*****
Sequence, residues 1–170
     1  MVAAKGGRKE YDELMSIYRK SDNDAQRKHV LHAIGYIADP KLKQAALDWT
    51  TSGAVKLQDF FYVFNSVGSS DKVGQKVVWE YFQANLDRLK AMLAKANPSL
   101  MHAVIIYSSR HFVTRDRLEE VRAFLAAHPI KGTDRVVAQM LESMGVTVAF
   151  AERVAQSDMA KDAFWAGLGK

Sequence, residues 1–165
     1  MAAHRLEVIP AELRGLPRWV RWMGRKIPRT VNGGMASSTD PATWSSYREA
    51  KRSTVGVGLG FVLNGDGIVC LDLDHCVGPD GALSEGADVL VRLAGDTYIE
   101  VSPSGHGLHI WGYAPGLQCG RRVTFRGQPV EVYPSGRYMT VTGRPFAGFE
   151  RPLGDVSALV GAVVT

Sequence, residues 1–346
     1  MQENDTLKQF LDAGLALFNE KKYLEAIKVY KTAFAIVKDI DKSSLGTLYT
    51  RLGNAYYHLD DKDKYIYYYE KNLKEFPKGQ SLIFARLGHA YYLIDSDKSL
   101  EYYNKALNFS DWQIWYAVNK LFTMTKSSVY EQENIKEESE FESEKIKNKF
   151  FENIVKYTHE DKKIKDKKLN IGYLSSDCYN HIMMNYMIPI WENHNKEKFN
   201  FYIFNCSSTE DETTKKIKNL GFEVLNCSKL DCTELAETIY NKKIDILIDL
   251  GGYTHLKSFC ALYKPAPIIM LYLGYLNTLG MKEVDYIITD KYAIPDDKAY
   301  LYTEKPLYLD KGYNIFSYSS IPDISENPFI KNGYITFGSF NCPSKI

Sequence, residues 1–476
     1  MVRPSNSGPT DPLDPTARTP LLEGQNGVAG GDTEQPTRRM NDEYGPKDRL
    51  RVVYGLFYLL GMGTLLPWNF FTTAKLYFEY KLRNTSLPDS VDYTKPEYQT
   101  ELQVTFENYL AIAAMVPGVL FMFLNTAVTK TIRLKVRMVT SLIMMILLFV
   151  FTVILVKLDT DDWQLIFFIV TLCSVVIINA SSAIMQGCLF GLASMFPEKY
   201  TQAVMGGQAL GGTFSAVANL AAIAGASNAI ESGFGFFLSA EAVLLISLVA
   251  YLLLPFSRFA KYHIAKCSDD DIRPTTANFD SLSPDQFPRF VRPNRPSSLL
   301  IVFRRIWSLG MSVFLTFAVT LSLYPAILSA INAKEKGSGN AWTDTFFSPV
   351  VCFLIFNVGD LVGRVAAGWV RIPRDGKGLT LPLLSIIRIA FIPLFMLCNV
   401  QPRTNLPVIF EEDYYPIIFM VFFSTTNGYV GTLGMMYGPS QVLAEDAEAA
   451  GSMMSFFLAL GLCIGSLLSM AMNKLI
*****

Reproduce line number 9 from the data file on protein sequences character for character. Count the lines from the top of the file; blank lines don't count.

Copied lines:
   101  VSPSGHGLHI WGYAPGLQCG RRVTFRGQPV EVYPSGRYMT VTGRPFAGFE